A few weeks ago when I was reviewing the books I had read in 2012, I mentioned Dorothy Parker, a writer from the early 20th Century. “She was a poet, short story writer, critic and satirist, best known for her wit and wisecracks … ” (Wikipedia). In that earlier post I had meant to mention her most quoted poem: Men seldom make passes at girls who wear glasses.
I first heard those lines 50-60 years ago and only recently learned that there was someone to attribute them to. I assumed they were in the large body of work credited to “Anonymous” or “Unknown.”
Marilyn Monroe almost quoted this poem in the 1953 movie Gentlemen Prefer Blondes. What MM said was, “Men aren’t attentive to girls who wear glasses.” I don’t know why the words were changed. It might have been in the character of the dumb blonde Ms. Monroe was playing, or the writers couldn’t get permission to use it, or “make passes” was one of the questionable phrases the Legion of Decency was censoring that year.
But back to Dorothy Parker. In her time she wrote for The New Yorker, Vanity Fair and Vogue. Her short stories were gripping and her book reviews ruthless. Her poetry often dark with a hint of suicidal thoughts. Her double entendres were usually obscene. During her few years as a screenwriter she received two Academy Award nominations.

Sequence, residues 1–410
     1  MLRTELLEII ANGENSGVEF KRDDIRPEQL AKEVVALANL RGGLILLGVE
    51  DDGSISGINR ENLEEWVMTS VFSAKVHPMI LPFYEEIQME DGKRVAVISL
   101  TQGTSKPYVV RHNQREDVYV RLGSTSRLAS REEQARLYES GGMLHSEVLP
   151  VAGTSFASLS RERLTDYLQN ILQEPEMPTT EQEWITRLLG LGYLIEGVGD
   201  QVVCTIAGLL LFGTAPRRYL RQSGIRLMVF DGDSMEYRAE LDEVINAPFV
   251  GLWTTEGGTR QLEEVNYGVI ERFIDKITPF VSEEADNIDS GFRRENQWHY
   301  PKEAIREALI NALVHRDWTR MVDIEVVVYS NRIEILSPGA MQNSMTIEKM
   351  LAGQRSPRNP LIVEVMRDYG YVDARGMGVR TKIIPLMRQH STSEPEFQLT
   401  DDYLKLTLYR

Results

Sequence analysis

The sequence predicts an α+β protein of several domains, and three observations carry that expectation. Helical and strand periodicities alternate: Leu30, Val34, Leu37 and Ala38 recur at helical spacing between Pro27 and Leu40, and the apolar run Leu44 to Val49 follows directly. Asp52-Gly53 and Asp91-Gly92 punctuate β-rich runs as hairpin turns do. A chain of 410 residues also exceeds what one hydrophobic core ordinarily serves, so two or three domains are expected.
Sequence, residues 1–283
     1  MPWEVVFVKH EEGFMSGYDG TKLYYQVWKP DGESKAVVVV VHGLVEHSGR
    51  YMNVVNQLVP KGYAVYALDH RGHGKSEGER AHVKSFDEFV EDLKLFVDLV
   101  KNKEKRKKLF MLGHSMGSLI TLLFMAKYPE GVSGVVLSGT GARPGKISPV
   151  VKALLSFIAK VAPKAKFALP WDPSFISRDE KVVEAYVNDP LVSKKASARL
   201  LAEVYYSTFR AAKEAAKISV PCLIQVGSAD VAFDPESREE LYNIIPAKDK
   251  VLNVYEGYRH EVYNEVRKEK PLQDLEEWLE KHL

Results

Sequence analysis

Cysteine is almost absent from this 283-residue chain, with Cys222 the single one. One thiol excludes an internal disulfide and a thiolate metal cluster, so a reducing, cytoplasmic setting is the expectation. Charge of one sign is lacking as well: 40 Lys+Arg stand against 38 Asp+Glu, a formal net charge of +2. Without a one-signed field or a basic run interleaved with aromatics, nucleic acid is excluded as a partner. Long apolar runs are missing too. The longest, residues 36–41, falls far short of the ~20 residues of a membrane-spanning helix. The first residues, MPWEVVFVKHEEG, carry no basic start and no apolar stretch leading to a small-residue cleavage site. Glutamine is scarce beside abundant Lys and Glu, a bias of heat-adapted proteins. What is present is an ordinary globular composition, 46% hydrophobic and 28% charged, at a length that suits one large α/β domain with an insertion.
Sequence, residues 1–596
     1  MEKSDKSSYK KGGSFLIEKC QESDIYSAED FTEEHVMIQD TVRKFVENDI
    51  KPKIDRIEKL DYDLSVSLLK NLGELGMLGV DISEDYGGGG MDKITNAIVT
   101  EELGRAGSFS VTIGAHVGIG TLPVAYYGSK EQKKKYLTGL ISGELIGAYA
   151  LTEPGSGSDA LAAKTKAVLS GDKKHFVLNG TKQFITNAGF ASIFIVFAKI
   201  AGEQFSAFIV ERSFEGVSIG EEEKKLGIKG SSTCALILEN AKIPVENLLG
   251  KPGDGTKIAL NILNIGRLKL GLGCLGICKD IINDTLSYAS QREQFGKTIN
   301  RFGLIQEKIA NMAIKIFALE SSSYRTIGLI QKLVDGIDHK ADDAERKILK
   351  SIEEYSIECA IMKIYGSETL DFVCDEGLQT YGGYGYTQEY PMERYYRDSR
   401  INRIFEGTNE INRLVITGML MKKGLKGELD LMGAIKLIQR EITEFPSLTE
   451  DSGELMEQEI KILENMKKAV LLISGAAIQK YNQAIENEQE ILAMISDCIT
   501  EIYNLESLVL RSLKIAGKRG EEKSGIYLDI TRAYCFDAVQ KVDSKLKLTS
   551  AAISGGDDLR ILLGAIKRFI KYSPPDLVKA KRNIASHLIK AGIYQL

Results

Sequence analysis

Here are some tidbits from her work:
“If you want to know what God thinks of money, just look at the people he gave it to.”
“This is not a novel to be tossed aside lightly. It should be thrown with great force.”
“Miss Hepburn runs the gamut of emotions from A to B.” (A review of a Katherine Hepburn play.)
“Don’t look at me in that tone of voice.”
“I hate writing. I love having written.”
The Dorothy Parker Society has established a website with virtual tour of Dorothy’s home and favorite haunts in New York City. That can be found at www.dorothyparker.com. You can find “all poems by Dorothy Parker” (that’s what they said) at www.poemhunter.com.
She was truly one of the most interesting characters of the Roaring Twenties era. She died in 1967 at the age of 74.